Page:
Material Practice and Provenance

Where do our building materials come from? Increasingly byzantine chains of custody obscure the sources of their extraction, while contemporary discourse tends to exclude the facilitating infrastructure, cities, towns, and settlements; collateral architectures–places–that exist only concomitantly, through prospect, discovery, boom, and bust. Building materials “embody” not only energy and environmental detritus, but social and architectural provenance.

How can we begin to map or visualize the material pathways on which a project, practice relies? How can studying the resource–driven “end nodes” on our oftentimes remote peripheries inform material practice? And how can we begin to understand the causal agency of our discipline, within the context of global construction trends? FSC–Certification ascribes virtue to wood harvested conditionally, but what are the architectural implications prefigured by these conditions, and how can we possibly assimilate these ideas with respect to non-renewable resources, like stone or copper; what exactly is “sustainable mining,” if it at all exists? To structure the research and grant context to the itinerary, I will be delineating the origins of major building materials from a recently–completed and local case study—UC Berkeley’s Sutardja Dai Hall, also known as the CITRIS building.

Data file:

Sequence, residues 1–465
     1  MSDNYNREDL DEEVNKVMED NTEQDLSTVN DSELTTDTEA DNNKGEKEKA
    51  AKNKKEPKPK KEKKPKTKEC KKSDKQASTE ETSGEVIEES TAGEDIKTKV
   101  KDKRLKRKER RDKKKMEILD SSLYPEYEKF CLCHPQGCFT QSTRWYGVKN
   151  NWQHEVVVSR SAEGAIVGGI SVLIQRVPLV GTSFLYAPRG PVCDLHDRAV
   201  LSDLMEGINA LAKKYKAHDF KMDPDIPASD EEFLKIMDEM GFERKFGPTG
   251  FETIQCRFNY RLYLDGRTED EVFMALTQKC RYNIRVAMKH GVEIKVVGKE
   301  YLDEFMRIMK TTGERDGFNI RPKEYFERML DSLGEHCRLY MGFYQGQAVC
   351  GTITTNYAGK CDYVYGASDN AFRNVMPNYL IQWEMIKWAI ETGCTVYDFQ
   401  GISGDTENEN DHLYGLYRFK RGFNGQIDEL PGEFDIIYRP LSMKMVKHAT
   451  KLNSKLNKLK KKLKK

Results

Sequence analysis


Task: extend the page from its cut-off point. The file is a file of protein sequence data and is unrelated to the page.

Sutardja Dai Hall is home to the Center for Information Technology Research in the Interest of Society (CITRIS), the Banatao Institute @ CITRIS Berkeley, as well as the Berkeley Center for New Media; altogether, an apt subject for a study in materials, information, and mapping. Excepting its highly-specialized research facilities, the 7-story building provides a fairly representative construction; the goal is not to appraise the merits of Sutardja Dai Hall specifically, but better understand the trending material flows requisite to contemporary construction at large. Supposing I can identify the particulars of the building’s material–origins, the John K. Branner Fellowship affords travel to these sites—I hope to document the breadth of CITRIS’s derivation.